Your search for the nicest nursing home may be over; you've probably already moved a parent into their room. You might look forward to visiting and hearing all about their daily activities. However, when you finally see them, you may feel uneasy without knowing why and wonder whether they are being neglected or harmed. If you think someone has been mistreating your parent, look for these signs.
Your Parent Is Acting Strangely
It's not uncommon that your parent would be still adjusting to the facility and a little sad that they aren't living with you. However, if there are marked, drastic changes in the way they act towards you or others, that requires investigation. Do they seem fearful of shower time? Do they wince when someone touches them? Are they quieter than usual? Are they rushing you out? Odd personality changes may mean something is amiss.
You See Bruises in Various Stages
Seniors can fall and bump into things; you shouldn't immediately panic if you catch sight of a bruise and have already been contacted by the nurse who told you what happened. However, if your parent's medications don't make them a fall risk and you see multiple bruises in different healing stages or colors, pay attention.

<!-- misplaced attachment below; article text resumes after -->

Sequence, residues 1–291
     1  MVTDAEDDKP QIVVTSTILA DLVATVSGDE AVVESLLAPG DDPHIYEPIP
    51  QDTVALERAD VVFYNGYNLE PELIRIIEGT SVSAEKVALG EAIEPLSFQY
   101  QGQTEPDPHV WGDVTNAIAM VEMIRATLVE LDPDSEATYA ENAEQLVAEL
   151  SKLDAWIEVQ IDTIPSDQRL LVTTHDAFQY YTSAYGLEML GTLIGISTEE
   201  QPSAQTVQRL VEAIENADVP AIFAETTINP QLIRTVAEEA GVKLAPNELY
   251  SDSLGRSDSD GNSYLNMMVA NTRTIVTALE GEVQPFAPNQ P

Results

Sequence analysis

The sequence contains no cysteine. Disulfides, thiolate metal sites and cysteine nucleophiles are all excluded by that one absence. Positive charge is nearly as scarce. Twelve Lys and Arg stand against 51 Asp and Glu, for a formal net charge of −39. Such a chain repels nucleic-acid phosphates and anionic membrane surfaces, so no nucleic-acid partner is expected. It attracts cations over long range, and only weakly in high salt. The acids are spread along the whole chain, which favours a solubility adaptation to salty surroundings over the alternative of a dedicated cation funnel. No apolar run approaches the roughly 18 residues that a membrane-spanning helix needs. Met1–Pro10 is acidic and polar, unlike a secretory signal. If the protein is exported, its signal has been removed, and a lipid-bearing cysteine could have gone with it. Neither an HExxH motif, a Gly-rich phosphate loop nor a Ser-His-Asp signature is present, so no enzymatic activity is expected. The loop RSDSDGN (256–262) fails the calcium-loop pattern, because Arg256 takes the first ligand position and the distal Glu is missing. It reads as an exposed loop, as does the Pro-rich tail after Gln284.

The location of bruises is key; a bruise on a hip might be easily explained, but bruises on the inner thigh or wrists can be suspect.
They Are Getting Bed Sores
If your parent spends great amounts of time in a wheelchair or bed, an aide or nurse needs to be diligent about re-positioning or moving them to avoid pressure ulcers or bed sores. These sores develop because there's too much pressure on the same parts of their body, such as their buttocks. The skin can begin to break down with the assistance of sweat, and these sores can sometimes be very large and deep over time.
Bed sores don't always indicate abuse, but you'll need to have several discussions with staff about who is tasked with turning or moving your parent. They need to answer some questions regarding their handling of your parent's body. If your parent is able to answer questions, you should talk to them, too.
Noticing any of these things could be cause for alarm, but try not to jump to any definitive conclusions until you're able to find out what happened. You might hire nursing home abuse lawyers who can do further fact finding.